Let me explain with an example from music. When I was in my twenties, I played guitar in several rock bands. A friend (who looked like Bob Denver from Gilligan’s Island and played like Eric Clapton) had the same advice for soloing. “Start simple. Play a few licks they’ve heard before you launch off into your crazy shit. If you give them something fun they can wrap their heads around, they’ll stick with you.” (For non-musicians, a lick is a stock pattern or phrase that catches the ear…a hook.)

I offer this reader-friendly advice for your opening prose. Start simple. Don’t use complicated or cluttered sentences. Don’t be abstract. Don’t be overly poetic. Save your adjective and adverb modifiers for later. Let readers get the rhythm of your prose before you yank them down your dark path.

As an editor, I often see story openings that try to impress with complex poetics, only to slip back into the author’s natural voice. That change of voice is a death knell for a submission.

Instead, focus on your characters and plot. This means that in the hierarchy of imperatives, where you start your story is more important than how you start. When you revise, ask yourself the question would-be time travelers ask: What would I change if I knew then what I know now?  Writing a novel? You started months or years ago. Luckily, authors can go back in time, knowing full well how things turned out.

In fact, your story’s opening may just be the last thing you write before finishing the novel. And when you revisit that opening, my advice still holds true. Start simple. Let the story unfold—you have miles of pages to go before the end.

Interested in some inspiration? Visit the following website, which opening lines thought to be the best in the history of literature:      

Some of these classic lines don’t follow my advice. Can you spot which ones?


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Kill Your Adverbs

AdverbsStephen King said, “I believe the road to Hell is paved with adverbs.” But the pesky devils sneak into your fiction—pull out any work-in-progress and there they are, lurking.

According to author Beth Ann Erickson, schools are still teaching adverbs as a noble and honorable part of sentence structure. “Just before school finished for the year, my son came home from his sixth-grade class with a homework assignment involving adverbs. I’ve never seen so many ly words in my life!”

Invoking shame (bad adverbs!) will not undo the damage of a good public education. Perhaps an explanation of why adverbs are verboten is in order.

We live in a fast-paced world, and the day of the slow read (which coincided, by the way, with authors who were paid by the word) is over. Readers want to “get to the meat,” and adverbs are filler.

Consider, “He skipped merrily.” How do you skip morosely? Don’t waste your reader’s time adding an adverb to a verb that means the same thing. If you write, “she trudged slowly through the field,” it will force your reader to do the same thing with your prose.

Adverbs can support weak verbs, but if a verb is weak, why subject your reader to it? Lazy writers use easy verbs and then try to pin down meaning with an adverb. Work for the right verb instead.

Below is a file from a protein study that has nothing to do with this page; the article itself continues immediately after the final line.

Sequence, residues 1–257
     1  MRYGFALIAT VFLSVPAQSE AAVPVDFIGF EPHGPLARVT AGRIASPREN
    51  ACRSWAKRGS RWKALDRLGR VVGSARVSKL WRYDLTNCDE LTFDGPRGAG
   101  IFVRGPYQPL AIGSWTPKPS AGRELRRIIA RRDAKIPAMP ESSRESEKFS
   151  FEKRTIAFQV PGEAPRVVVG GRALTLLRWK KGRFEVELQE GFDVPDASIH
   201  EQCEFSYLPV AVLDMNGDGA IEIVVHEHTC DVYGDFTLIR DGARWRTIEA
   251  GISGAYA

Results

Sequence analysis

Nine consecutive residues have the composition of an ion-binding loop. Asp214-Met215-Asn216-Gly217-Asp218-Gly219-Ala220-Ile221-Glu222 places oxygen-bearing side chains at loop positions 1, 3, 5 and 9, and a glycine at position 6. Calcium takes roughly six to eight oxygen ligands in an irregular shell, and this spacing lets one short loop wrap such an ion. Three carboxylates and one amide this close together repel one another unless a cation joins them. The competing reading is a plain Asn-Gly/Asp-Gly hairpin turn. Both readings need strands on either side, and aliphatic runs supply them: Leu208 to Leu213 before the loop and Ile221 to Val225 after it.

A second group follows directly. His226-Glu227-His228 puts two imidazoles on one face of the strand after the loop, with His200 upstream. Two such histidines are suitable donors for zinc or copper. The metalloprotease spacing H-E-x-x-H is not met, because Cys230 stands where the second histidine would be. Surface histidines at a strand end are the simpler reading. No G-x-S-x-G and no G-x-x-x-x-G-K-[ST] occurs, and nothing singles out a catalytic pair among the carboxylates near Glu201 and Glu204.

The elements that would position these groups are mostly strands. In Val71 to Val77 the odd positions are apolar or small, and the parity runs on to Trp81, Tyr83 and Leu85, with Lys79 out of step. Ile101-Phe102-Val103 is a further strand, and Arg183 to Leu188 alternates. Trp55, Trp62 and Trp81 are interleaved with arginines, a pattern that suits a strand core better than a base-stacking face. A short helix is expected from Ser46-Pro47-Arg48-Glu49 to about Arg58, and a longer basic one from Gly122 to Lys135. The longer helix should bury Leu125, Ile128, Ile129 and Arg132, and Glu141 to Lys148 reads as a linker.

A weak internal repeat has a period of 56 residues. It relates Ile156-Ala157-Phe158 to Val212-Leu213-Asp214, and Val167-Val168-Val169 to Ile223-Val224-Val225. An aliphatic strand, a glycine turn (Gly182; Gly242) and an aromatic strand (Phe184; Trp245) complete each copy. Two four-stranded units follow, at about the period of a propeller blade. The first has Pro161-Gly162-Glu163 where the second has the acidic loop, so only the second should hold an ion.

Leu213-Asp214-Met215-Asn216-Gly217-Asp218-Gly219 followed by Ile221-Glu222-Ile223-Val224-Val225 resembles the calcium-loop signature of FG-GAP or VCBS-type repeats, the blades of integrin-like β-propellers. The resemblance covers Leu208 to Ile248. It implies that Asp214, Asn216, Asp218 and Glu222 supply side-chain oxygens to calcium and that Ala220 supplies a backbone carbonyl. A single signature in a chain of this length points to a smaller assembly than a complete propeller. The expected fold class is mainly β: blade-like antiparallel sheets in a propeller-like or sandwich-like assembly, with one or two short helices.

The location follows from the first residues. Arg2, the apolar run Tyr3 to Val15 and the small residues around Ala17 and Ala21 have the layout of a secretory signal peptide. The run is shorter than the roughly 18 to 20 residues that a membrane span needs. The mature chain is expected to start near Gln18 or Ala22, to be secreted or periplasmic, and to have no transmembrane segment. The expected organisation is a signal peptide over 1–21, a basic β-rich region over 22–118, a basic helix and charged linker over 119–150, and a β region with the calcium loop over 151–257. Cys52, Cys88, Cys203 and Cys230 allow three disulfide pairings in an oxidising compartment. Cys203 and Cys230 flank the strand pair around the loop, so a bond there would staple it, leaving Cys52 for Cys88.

Adverbs “hedge” the truth. “The man nearly died” makes no sense in terms of either life or death. The observation that “he apparently failed” doesn’t address failure, it addresses appearances of failure. “He probably lied” hides an accusation behind a modifier. Writing is about honesty, and adverbs can shift your prose away from the truth.

Worst of all, adverbs don’t “show,” they “tell.” Active, well-chosen verbs “show.” Which of the following is more active, more immediate? “She smiled crazily,” or “She smiled, her mouth open and wet, her eyes wide, gazing at, or rather, through him.” Instead of noting the white-knuckle grip of a man on the arms of his chair, or observing the way he squeaks the vinyl when he shifts in his seat, adverbs tell us that the man is “sitting nervously.”

Armed now with good reasons, and your desire to create readable fiction, go forth and kill your adverbs. Erase them, delete them.

Quickly, now.


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It Wasn’t

“It was the best of times, it was the worst of times, it was the age of wisdom, it was the age of foolishness, it was the epoch of belief, it was the epoch of incredulity, it was the season of Light, it was the season of Darkness, it was the spring of hope, it was the winter of despair…” ~Charles Dickens, A Tale of Two Cities

dickens_portrait_1861_lgAll respects to Charles Dickens, who wrote great, sprawling novels that have lasted generations. But his use of “it”  in this famous passage drives me crazy. Pronouns stand in for noun phrases, and refer to someone or something mentioned elsewhere in the writing. Any possible confusion is supposed to be mitigated by using the pronoun to represent the most recently mentioned noun. But pronouns muddling is common. For example, if two women are talking, which “she” does the writer mean? A skillful passage will drop names or use action to keep pronouns clear.

But “it,” the indefinite pronoun, takes the confusion to a whole new level. Writers often use phrases like “It couldn’t be worse” to refer to an unspoken situation just described (as being bad) but not named. The pronoun hangs out there with no visible attachment.

Or, “it” may be self-referencing, as in “It was a sunny day.” In unpacking the meaning, we discover that “The sunny day was a sunny day.”

Multiple uses of the indefinite pronoun invariably lead to “its” that refer to different things. And “it” easily pairs with passive, to-be verbs (“it was” is a common offender). Take a moment to revisit the famous Dickens passage and ask the question, “What does it refer to?”

Yet, you’ll see “it” in most published works (including some of mine). The indefinite pronoun is easy to use. I leave “it” alone in dialog—people talk that way—but I find that when replacing “it” in non-dialog prose, I’m forced to come up with clear subjects and active verbs, which improves the writing.

So, cut “it” out.